It’s the recipe Steve uses to make his 303 Vodka, though he tweaked it a little till he got the vodka smell he remembered vividly from childhood. He also now makes the only potato whiskey in the USA, and several infused vodkas that he only sells at the bar. Everything is bottled and labelled by hand in the distillery, where Steve’s wife, daughter and son-in-law all work. There are regular music and poetry events, and the bar clearly attracts the broad range of characters you could just as easily expect to find in a Glasgow pub.
A few yards away is JL Distilling, which was opened in 2013 by two friends, Seth Johnson and Justin Lee. The two met through the Boulder Home Brew Club, where they were the only ones who were also interested in distilling.
‘That was back in 2000,’ says Justin, whose background is in chemical engineering. ‘But when federal law changed in 2006 and made it easier to distil alcohol, we started to talk about having our own distillery.’
When JL opened in 2013 there were no more than five distilleries in the whole of Colorado. Now there are 65.
‘People in Colorado are hungry for locally-produced anything, especially in Boulder,’ says Justin. ‘We’re already going to be doubling our square footage at the end of the summer so we can also produce bourbon, whiskey, rum and absinthe. The first bourbon into the barrels will require two years of aging, but we might have some rum by Christmas. We make all our own mixers and syrups for the tasting room bar, as well.’
JL also makes a gin infused with beetroot, which sounds bizarre but tastes divine, especially in the Beet Down cocktail where it blends with ginger, tarragon honey, lemon juice and a simple syrup. All JL’s bottling is done by hand, and despite being new kids on the block they were voted Colorado Distillery of the Year at the New York Spirits Competition.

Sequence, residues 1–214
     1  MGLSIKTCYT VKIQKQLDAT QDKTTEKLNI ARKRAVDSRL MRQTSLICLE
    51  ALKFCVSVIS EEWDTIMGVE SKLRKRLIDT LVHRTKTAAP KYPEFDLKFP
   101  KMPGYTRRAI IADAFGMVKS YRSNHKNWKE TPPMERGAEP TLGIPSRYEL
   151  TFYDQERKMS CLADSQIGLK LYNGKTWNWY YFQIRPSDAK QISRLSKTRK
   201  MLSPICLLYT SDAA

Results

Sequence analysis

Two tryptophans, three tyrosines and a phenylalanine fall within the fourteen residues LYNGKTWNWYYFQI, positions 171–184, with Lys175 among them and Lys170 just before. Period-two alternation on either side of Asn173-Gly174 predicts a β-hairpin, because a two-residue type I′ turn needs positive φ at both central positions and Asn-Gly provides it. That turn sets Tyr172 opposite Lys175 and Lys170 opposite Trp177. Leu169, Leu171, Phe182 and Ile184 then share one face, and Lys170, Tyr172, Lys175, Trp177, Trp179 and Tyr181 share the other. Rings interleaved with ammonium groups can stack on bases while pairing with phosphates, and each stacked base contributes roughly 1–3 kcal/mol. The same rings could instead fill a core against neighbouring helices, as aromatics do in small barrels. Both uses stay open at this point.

Even newer on the block is Geek Spirits, a husband-and-wife operation which opened in March 2015 and specialising in rum. It too arose out of passion, and out of a magazine article that husband – and self-confessed geek – Greg Starr read on a plane. The article was about micro-distilling, and caused Greg, who has a PhD in Electrical Engineering, to say to his wife Sherial: ‘That’s what I want to do.’ So they did. He and Sherial now run the distillery between them, their only employee being their 12-year-old son. Buy why rum?
‘Because I love rum!’ says Greg with great enthusiasm and a wide grin. ‘There are a few other rum distilleries in Colorado. Some use cane juice, which is easier to use but you don’t get as much flavour, I don’t think. We use the kind of molasses a baker might use. We’re different from anything else in Boulder, but that wasn’t planned, it just happened. We’re doing what we wanted to do. We’re doing rum because we wanted to do it, not because no one else was doing it. We actually started as Geek Vodka but then we decided not to do vodka. We do have a bourbon recipe we’re playing with, and we’re trying a tequila which we’ll call 100% blue agave spirit. We figure that if we can’t sell it we can always drink it!’
Well, I’ll drink to that, and to the can-do enthusiasm of these Boulder distillers who are all following their dream and their passion, including the man from Motherwell. Any chance he’ll be exporting his American whiskey to the Auld Country?
‘I’m working on it,’ says Alastair with a smile.
For information on touring Boulder’s distilleries, visit their websites:
Vapor Distillery: http://vapordistillery.com
Boulder Distillery (for 303 Vodka): http://303vodka.com/boulderdistillery
JL Distilling: www.jldistilling.com
Geek Spirits Distillery: www.geekspiritsdistillery.com
For information on Boulder see the website of
All Photos (c) Donna Dailey